So it really is him, then. Unusually for archaeology all the strands of evidence point to the same conclusion. And what a conclusion it is: the skeleton found in Leicester Grey Friars carpark is that of Richard III ‘beyond reasonable doubt.’ Archaeology is normally poorly suited to recover a specific object or individual. Dependent on the accuracy of the sources that locate the object, it not being subsequently removed, and sufficient preservation, endless factors have to go right. Success on this occasion captured the world’s imagination, treating CA to the novel experience of jostling with international news agencies at a heritage-based press conference. Finding Richard III should not have been possible. Let’s celebrate it.
Major discoveries have also been underway on Rome’s northern frontier. It has long been assumed that native settlements in the shadow of Hadrian’s Wall flourished during a lengthy pax Romana. Now, recent excavations indicate that construction of the new frontier extinguished a settled farming community that had endured for centuries. It sheds powerful new light on life in the military north.
Survey of a stone circle type unique to Aberdeenshire has rekindled debate about the purpose of these enigmatic monuments. We examine what makes these circles special and investigate some of the theories that have been proposed to explain their purpose.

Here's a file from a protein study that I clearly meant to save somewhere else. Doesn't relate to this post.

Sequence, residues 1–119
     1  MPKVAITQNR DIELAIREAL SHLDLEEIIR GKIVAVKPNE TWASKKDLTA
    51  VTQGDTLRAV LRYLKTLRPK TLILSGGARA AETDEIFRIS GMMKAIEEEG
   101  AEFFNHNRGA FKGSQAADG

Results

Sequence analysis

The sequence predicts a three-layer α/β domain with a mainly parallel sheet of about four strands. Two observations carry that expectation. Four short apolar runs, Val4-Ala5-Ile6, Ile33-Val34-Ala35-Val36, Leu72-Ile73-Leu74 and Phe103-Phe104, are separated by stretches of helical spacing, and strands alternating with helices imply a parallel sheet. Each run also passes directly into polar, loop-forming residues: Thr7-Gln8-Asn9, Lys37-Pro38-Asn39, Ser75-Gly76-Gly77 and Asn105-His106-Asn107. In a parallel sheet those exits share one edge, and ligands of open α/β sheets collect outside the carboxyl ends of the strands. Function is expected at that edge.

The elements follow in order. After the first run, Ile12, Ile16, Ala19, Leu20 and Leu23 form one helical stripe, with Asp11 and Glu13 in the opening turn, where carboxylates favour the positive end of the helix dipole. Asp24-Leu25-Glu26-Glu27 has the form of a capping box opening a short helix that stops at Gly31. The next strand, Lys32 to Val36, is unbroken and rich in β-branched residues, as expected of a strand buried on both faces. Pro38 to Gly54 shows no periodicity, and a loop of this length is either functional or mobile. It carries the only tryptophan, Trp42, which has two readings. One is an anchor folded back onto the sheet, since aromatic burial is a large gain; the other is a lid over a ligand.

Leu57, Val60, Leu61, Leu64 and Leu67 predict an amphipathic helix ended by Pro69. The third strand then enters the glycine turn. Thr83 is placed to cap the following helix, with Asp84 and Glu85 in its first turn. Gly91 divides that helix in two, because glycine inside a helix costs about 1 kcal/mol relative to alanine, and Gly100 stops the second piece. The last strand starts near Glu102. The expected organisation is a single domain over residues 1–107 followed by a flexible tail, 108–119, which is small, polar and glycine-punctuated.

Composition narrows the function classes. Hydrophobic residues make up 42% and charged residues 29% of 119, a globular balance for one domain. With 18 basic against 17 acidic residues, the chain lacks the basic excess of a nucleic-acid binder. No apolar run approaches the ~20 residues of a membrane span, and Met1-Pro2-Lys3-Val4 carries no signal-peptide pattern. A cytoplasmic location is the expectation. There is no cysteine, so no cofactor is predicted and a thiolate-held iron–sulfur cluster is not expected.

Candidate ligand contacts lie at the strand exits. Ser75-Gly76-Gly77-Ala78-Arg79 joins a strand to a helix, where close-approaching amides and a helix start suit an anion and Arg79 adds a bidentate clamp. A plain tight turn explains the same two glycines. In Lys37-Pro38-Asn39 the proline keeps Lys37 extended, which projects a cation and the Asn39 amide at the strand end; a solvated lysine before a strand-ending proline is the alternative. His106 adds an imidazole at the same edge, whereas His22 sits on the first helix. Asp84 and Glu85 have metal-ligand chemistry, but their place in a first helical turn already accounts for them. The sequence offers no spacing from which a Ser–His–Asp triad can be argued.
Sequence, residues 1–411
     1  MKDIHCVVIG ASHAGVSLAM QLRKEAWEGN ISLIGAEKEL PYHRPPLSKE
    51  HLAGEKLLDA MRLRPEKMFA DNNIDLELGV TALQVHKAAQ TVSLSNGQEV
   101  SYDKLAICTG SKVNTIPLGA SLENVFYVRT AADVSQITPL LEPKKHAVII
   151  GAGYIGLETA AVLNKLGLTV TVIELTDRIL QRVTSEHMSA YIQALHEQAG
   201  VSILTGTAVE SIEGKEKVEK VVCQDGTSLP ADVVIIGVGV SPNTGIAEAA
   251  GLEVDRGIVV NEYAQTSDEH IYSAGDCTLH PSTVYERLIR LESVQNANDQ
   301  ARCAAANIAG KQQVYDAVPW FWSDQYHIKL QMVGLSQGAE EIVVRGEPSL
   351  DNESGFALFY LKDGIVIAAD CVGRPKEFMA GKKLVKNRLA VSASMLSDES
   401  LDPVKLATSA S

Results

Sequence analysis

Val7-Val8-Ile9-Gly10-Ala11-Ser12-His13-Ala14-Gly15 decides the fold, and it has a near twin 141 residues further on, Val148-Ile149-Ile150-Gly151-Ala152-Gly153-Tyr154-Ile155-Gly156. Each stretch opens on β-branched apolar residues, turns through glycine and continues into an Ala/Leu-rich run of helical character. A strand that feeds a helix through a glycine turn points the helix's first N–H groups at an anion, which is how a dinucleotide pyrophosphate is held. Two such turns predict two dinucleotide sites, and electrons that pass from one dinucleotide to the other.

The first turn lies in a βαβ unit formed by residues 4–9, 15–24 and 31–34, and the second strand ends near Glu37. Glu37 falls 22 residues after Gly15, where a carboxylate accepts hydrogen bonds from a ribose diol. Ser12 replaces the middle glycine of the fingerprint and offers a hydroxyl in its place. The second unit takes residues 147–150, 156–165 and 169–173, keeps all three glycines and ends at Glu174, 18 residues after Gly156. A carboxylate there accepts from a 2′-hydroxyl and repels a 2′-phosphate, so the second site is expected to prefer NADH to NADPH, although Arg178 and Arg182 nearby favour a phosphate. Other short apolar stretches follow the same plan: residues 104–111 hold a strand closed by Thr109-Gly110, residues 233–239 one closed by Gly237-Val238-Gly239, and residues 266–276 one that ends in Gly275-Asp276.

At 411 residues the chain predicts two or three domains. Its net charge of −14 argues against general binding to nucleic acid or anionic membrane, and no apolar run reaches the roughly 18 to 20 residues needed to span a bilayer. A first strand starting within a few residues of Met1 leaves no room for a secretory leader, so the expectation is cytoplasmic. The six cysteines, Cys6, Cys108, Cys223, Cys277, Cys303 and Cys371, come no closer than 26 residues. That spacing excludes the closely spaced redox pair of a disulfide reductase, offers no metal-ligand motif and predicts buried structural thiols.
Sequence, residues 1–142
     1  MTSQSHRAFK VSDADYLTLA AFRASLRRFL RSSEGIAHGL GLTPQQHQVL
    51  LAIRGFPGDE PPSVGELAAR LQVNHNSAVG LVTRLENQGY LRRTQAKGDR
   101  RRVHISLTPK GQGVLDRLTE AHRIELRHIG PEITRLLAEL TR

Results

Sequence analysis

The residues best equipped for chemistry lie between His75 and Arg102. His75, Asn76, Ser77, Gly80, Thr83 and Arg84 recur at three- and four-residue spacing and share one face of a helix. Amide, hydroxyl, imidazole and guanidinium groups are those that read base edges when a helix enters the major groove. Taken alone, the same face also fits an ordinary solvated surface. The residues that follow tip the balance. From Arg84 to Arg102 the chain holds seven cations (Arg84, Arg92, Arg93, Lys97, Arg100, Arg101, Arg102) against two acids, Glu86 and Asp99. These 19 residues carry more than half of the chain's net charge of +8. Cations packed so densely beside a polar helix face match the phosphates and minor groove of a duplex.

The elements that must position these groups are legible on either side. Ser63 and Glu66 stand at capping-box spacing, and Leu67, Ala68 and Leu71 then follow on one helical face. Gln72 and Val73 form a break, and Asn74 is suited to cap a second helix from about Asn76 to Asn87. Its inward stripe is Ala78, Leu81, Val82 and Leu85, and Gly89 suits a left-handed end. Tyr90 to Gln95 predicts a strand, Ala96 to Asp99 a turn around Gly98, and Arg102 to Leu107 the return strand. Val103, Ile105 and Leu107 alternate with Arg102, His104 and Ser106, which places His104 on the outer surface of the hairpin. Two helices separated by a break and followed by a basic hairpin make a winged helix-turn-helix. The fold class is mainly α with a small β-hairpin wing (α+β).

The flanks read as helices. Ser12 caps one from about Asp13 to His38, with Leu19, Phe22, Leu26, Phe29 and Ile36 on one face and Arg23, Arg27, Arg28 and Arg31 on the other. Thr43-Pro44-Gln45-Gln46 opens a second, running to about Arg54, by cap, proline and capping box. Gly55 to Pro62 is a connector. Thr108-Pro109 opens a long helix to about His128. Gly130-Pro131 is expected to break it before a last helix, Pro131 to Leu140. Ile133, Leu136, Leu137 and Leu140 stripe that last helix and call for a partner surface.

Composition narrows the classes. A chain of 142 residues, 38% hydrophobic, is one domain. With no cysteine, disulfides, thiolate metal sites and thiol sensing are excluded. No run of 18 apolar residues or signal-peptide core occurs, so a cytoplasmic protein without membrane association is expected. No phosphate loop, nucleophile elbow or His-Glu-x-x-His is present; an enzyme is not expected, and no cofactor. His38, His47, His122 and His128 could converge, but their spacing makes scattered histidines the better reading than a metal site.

Finally, we celebrate the publication of Scotland’s largest ever urban excavation. Dug in the 1970s, Perth revealed a breathtaking assemblage of Medieval objects. Now the excavation can take its place alongside such classics as London, York and Winchester.
Discovering the man behind the myth
Following the announcement that the human remains found in the Leicester carpark are those of Richard III, we look at what they can tell us abut the life and death of Britain’s most infamous monarch.
Hadrian’s Wall and the native population
For over 40 years it has been believed that the native population living in the shadow of Hadrian’s Wall flourished under the pax Romana. Now new archaeological evidence suggests otherwise.
The recumbent stone circles of Scotland
A unique form of stone circle can be found in Aberdeenshire, defined by a massive stone lain on its side. We examine what these majestic monuments were for.
Revealing the jewel in Scotland’s urban archaeological crown
The 1975-1977 exploration of the heart of Medieval Perth remains Scotland’s largest urban excavation. The results have finally been published, allowing the site’s full potential to be appreciated.
Richard Hodges investigated the community archaeology in the Wiltshire village of Box.
Bath Stone Quarries; A Roman Frontier Post and its People: Newstead 1911-2011; The Origins of the Irish; Exploring the World of the Vikings
Chris Catling’s irreverent take on heritage issues.
CA‘s Editor-in-Chief makes a trip to Cheddar to investigate a Saxon palace.
The Society of Archer-Antiquaries
Mar 31, 2014 0In the first half of the 7th century, the Anglo-Saxon...
Mar 21, 2014 0Between 850,000 and 950,000 years ago a small party set out...
Feb 06, 2014 2When did the first people arrive in what is now Britain?...
Sep 05, 2013 3‘I’ll need it by the end of the week’ is a stock...